For those of you who don’t know what “flair bartending” is… The Average Nobodies very rarely turn down a chance to drink during the week, so we attended the Flair Bartending Flip Out On Cancer charity event Monday in Providence, Rhode Island. The logic is simple: you pick a song or two and you bartend your ass off. While we were watching the competition, we thought we’d throw our hats in the ring and pick a few songs and create a routine in case there ever comes a day where we need to flair bartend to save our families from a Russian super villain bent on world domination.
Flair bartending is all about energy, and with these two songs I’ll have it in spades. Return of the Mack will get the people on their feet and Dance With Somebody will literally have people dancing with each other. If you can’t jam to these two songs, you have no soul and I don’t want you apart of my flair bartending routine. Another good thing about these songs is that they will distract the audience away from my routine. A lot of the bartenders we saw were all hands and arms, so I’m thinking I use a feet heavy routine. Do people want their bartenders feet near their drinks? Probably not, but I’m the flair bartender and they’re not. At some point I’ll probably roll multiple bottles on the ground and kick them like a soccer ball. Add in a couple hip thrusts and some obscene gestures, and you have yourself one hell of a flair bartending routine.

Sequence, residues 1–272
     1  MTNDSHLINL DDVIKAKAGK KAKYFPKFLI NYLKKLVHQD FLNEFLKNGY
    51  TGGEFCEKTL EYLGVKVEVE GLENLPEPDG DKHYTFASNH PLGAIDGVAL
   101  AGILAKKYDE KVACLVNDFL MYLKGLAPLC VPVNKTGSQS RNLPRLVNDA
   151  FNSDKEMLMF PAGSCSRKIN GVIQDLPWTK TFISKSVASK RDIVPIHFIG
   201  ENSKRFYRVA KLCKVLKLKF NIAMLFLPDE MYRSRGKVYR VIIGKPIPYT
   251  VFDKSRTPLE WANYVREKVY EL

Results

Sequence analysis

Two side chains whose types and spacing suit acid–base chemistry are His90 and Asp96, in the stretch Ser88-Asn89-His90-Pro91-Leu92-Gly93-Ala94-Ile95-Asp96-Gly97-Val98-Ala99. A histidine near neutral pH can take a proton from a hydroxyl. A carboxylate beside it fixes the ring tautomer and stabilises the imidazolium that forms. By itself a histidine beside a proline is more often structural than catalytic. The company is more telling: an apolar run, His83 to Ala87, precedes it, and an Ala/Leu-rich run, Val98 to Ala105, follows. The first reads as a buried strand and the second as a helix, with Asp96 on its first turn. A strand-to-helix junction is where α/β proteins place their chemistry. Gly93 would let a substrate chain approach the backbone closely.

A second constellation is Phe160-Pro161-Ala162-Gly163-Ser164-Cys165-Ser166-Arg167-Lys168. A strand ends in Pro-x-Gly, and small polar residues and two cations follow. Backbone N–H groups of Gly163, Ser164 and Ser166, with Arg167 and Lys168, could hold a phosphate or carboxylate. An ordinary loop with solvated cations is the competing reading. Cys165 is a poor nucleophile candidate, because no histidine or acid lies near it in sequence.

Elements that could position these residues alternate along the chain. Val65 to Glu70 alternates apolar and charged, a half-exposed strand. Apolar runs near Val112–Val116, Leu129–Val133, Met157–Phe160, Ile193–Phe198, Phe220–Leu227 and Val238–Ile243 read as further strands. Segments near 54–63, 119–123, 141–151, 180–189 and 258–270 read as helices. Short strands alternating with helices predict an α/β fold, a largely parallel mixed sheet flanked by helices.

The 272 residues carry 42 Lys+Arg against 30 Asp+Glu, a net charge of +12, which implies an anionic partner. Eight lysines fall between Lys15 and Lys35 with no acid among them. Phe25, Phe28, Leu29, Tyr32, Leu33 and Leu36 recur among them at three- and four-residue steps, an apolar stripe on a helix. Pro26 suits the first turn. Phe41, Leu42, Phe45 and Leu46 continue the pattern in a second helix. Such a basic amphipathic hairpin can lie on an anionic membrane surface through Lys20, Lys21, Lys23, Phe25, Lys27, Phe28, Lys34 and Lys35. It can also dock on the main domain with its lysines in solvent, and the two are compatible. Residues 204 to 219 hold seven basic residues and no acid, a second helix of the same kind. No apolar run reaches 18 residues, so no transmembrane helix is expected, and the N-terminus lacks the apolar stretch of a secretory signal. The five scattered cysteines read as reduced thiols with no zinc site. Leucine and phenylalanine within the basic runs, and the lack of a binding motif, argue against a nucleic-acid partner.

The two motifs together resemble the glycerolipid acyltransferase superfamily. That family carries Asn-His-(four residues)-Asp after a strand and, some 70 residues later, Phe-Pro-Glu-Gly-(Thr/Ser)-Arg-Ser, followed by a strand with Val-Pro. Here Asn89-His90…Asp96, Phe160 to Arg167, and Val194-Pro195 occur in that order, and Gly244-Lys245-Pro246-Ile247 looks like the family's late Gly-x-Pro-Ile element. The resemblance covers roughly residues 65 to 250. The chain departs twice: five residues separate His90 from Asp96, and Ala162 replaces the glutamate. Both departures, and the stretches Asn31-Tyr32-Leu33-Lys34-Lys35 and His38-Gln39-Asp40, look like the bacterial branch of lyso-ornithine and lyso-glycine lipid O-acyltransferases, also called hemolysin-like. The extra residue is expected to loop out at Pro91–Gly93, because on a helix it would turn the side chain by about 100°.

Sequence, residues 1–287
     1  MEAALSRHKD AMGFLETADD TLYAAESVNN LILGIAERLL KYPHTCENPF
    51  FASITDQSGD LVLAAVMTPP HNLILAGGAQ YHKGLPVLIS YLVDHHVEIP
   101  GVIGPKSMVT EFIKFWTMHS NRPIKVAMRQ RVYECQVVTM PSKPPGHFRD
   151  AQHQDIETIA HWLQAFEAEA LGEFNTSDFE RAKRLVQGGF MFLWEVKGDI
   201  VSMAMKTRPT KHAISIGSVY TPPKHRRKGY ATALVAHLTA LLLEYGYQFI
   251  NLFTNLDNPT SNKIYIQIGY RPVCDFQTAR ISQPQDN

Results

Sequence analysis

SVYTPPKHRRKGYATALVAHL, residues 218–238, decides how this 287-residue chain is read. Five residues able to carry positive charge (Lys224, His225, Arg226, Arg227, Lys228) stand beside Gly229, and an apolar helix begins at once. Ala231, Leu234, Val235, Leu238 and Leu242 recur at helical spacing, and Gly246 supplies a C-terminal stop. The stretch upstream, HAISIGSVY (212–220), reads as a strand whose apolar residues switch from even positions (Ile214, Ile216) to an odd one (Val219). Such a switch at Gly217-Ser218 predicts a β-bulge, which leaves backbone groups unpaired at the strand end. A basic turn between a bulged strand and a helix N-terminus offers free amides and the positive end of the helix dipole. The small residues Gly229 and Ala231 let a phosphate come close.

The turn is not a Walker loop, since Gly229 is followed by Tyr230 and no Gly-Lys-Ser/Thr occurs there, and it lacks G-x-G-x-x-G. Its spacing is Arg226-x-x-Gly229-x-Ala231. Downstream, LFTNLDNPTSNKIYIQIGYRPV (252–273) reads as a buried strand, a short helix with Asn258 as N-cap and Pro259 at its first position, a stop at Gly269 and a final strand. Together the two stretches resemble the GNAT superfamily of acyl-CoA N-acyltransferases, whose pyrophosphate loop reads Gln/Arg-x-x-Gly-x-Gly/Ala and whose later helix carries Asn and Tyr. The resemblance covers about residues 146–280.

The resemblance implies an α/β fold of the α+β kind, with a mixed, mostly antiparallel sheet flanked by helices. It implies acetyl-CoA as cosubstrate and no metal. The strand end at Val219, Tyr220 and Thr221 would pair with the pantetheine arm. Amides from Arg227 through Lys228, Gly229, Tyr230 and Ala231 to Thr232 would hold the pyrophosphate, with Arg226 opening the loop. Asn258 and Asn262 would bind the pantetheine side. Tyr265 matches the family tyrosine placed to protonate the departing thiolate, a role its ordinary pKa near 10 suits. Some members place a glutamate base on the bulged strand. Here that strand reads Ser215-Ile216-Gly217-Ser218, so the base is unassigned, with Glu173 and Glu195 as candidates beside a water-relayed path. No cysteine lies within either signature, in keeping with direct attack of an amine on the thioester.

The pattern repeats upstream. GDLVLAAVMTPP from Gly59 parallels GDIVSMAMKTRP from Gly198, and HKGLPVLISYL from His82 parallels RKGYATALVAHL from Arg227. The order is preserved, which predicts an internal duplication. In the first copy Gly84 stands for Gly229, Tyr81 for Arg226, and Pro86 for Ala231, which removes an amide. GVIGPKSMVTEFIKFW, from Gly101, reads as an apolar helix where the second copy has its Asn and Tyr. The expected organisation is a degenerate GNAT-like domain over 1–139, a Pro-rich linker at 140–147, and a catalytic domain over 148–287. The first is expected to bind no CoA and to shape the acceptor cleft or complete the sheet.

From what I saw at the flair bartending event your music can make or break your performance in two ways: 1. The music doesn’t speak to your inner showman or show-woman and you come up short. Using the music to get the juices flowing is like a natural adrenaline shot to the heart. You ever hear about mothers that gain ridiculous strength to save their children? Well i’m pretty sure I could jump over a small building while listening to 80’s hair metal. and 2. The music doesn’t get the people going. Nothing’s worse than getting ready to perform something in from of some people and the crowd isn’t cheering your every move. Look back at some Stone Cold Steve Austin entrances. When that glass breaks there isn’t one ass in one seat in the whole arena! Handicapped sections included (if that’s terrible of me I am sorry, but I need to prove a point). That’s the kind of energy a flair bartending performance deserves!
Having said that, my choices were easy. I start off with some ‘Twisted Sister’ followed up by the ultimate party song, Cherry Pie. I figure I will use a lot of ice in my routine. Like throw it around and keep the eyes off the action at hand. That way I can lean on some simple bottle flips and cup twirls throughout my performance. Smoke and mirrors people, that’s the first rule of magic school. I also will be yelling pretty loud so that should create an additional distraction. Like so loud that people will think i’m hurt, but I won’t be..I think.
Side note: Veteran flair performer, Lauren, said that Cherry Pie is too slow of a song to flair to. I didn’t listen, so I could be off to an awful start to my flair career. I regret nothing.